Sub-lethal heat shock induces plasma membrane translocation of 70-kDa heat shock protein in viable, but not in apoptotic, U-937 leukaemia cells
Lasunskaia EB, Fridlianskaia I, Arnholdt AV, Kanashiro M, Guzhova I, Margulis B. Sub-lethal heat shock induces plasma membrane translocation of 70-kDa heat shock protein in viable, but not in apoptotic, U-937 leukaemia cells. APMIS 2010; 118: 179–87.
Heat shock protein 70 kDa, Hsp70, is an important intracellular factor that protects cells from stress. Unusual plasma membrane expression of Hsp70, observed in some cancer cells, contributes to the cell’s recognition and elimination by the immune system. Induction of apoptosis in cancer cells was demonstrated to increase Hsp70 translocation to the surface membrane, enhancing immunogenic effects through the stimulation of dendritic cells. As hyperthermia is proposed as a method of choice for anti-cancer therapy, we examined whether apoptosis induction by heat shock enhances Hsp70 membrane translocation in U-937 leukaemia cells. Cells were exposed to sub-lethal heat shock, and intracellular and membrane-bound Hsp70 expression was evaluated in apoptotic and viable cell sub-populations, employing flow cytometry and immunofluorescence. Heat shock induced Hsp70 membrane translocation in the viable cells that were able to enhance Hsp70 production upon heating, but not in the cells undergoing apoptosis that continued to express low basal levels of the intracellular protein. Data suggest that the protein translocation was associated with the increasing Hsp70 content rather than the apoptotic process. Apoptosis does not contribute to externalization of Hsp70, at least in the cells with low levels of this protein.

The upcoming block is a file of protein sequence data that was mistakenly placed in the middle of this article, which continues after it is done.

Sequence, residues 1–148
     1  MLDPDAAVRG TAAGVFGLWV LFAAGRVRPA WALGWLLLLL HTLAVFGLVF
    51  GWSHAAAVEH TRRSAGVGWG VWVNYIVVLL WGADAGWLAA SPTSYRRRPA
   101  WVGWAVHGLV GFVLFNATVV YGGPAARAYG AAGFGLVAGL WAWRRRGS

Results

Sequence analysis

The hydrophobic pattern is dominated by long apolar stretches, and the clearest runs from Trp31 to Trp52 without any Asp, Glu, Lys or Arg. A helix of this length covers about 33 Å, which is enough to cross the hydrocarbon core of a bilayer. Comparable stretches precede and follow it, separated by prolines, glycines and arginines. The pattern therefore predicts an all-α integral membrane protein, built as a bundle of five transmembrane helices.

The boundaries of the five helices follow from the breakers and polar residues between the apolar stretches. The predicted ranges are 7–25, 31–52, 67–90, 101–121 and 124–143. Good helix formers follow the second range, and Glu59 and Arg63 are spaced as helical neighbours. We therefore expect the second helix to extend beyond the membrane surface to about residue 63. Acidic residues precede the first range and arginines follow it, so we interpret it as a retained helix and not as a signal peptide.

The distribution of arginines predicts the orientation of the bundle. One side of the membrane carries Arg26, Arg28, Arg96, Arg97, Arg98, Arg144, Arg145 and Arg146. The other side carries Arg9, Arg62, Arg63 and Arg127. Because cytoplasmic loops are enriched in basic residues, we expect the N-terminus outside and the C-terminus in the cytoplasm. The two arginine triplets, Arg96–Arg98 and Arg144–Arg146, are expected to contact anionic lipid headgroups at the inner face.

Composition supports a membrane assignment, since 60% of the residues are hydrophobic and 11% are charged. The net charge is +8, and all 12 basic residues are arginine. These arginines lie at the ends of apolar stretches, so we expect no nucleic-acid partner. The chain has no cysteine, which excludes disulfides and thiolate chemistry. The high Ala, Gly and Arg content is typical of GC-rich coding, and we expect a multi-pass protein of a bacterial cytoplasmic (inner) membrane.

Document Type: Research Article
Laboratory of Biology of Recognition, Universidade Estadual do Norte Fluminense, Campos, Rio de Janeiro, Brazil
Department of Cell Culture, Institute of Cytology, Russian Academy of Science, St. Petersburg, Russia
Publication date: March 1, 2010
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